ABC shared a disturbing story on Feb. 25 of a little girl that has been suffering from anorexia since she was in kindergarten and her teacher told the class about healthy eating. While it started with little things like giving up candy and junk food, she began exercising more on the monkey bars at school, then gave up her lunch all together. Finally, the little girl told her mom that she's hungry all the time but a voice in her head is telling her not to eat. According to the mother, there wasn't any physical signs of her being anorexic or having eating problems because she was right on mark with all the pediatrician's growth charts.
This is a dangerous problem. While this is only one little girl's sad story, a recent study shows that hospitalization due to anorexia has risen 72 percent in children from 1999 to 2009, the last year with documented statistics. Anorexia is a chronic brain disorder that has no known causes. It is a highly inheritable disease, however, when it occurs in children, it often has other underlying co-morbidity illnesses such as anxiety that attribute to their not eating.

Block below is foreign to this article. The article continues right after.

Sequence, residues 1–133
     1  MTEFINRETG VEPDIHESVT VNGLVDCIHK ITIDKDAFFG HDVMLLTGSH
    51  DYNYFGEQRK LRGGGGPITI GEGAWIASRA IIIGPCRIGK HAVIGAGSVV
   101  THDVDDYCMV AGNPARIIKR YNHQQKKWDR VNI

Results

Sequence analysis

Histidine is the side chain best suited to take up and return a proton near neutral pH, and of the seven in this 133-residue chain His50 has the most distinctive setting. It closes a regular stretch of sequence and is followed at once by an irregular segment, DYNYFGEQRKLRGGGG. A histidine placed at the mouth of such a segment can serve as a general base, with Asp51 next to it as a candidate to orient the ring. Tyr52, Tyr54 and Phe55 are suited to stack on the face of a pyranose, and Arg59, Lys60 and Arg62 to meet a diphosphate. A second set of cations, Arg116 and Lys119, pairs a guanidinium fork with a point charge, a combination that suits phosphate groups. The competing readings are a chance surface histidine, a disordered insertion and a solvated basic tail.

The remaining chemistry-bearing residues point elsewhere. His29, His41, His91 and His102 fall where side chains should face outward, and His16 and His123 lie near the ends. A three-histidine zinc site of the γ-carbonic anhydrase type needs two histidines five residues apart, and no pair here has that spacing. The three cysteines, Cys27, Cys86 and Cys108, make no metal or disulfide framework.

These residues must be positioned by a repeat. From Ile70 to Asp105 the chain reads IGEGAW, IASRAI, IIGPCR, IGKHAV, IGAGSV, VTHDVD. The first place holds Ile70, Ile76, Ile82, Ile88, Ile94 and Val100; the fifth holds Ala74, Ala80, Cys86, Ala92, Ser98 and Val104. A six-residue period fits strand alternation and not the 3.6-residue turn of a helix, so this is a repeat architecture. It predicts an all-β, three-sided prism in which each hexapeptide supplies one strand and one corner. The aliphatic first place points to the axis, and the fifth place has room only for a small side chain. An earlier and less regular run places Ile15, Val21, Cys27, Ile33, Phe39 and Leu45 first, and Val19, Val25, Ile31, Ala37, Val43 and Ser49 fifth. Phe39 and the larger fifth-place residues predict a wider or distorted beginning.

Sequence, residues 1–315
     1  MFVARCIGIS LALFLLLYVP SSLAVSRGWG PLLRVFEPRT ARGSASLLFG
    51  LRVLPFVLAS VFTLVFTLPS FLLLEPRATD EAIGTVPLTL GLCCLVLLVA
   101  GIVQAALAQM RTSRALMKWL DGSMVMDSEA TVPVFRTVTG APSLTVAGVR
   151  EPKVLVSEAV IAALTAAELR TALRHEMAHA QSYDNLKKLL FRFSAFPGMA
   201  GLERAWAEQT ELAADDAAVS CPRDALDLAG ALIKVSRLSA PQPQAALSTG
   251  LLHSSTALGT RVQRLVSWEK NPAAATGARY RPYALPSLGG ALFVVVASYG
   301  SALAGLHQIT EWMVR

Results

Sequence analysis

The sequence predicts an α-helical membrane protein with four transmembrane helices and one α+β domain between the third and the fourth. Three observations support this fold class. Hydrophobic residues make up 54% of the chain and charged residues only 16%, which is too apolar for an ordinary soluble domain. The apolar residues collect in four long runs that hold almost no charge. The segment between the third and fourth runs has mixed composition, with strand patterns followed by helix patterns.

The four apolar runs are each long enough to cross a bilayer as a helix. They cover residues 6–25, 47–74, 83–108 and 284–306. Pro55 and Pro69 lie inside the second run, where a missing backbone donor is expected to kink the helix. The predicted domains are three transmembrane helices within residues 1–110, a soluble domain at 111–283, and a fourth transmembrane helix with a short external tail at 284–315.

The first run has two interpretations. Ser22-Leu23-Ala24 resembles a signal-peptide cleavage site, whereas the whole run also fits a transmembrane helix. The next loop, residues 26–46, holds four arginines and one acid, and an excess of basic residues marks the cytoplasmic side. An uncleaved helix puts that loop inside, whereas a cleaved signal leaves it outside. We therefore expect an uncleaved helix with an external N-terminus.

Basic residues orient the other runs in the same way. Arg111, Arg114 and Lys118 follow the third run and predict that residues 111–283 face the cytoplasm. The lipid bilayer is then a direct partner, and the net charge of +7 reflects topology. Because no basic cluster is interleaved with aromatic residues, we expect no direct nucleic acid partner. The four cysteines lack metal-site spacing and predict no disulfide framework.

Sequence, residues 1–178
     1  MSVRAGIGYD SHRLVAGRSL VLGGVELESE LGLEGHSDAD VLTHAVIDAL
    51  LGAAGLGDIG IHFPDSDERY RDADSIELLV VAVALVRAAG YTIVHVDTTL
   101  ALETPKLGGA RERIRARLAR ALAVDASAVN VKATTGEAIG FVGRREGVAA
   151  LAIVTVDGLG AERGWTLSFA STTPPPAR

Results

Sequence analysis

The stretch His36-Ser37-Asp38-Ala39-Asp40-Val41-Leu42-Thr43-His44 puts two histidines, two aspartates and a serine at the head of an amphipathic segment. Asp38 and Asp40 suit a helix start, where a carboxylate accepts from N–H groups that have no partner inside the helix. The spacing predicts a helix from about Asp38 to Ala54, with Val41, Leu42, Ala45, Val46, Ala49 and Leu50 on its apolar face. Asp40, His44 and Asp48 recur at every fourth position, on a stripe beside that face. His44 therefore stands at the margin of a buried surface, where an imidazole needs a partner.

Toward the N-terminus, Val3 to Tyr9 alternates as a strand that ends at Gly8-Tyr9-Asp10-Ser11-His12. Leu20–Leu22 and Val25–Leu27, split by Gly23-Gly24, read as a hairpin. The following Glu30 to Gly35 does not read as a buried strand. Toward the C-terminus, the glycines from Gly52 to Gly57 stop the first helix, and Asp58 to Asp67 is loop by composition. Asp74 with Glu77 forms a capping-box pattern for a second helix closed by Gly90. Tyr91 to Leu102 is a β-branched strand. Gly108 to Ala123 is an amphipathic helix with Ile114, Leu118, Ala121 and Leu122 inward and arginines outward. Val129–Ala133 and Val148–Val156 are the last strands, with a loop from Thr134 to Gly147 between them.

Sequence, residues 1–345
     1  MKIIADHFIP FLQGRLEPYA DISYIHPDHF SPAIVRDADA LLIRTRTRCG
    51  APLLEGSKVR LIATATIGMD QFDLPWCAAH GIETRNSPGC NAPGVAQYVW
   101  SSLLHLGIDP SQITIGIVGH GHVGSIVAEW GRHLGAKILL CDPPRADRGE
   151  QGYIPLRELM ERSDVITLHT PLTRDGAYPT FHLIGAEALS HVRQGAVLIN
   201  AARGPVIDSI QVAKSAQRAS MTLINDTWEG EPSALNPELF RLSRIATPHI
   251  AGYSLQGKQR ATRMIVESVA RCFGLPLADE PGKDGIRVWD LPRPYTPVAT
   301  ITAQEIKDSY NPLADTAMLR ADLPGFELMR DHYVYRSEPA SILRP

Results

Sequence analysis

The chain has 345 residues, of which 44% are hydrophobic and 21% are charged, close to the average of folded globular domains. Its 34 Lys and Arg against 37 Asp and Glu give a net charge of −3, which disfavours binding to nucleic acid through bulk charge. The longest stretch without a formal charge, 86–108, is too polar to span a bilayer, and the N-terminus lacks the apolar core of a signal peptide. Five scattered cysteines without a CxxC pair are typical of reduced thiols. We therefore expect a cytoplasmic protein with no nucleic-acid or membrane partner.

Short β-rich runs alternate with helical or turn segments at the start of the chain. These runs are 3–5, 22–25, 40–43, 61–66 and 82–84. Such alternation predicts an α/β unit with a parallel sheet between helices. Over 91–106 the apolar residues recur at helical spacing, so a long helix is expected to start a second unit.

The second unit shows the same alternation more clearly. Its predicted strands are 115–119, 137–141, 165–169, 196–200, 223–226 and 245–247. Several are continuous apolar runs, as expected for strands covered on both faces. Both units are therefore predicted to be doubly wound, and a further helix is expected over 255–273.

Dr. Julie O'Toole, a pediatrician at the Kartini Clinic in Portland, Ore. says that it's not the media, or parents that are causing or promoting anorexia when it comes to children. There aren't any exact triggers but it usually has something to do with another underlying problem such as anxiety and mental disorders. In most cases, picky eaters aren't the ones that are most likely to end up with anorexia either. That's an entirely different problem according to Dr. O'Toole.
Unsurprising to anyone, it has been found that girls are 10 times more likely to affected with anorexia regardless of age, but this could be off because boys are often better at hiding their illness because they are naturally more hyper active and heavier than girls.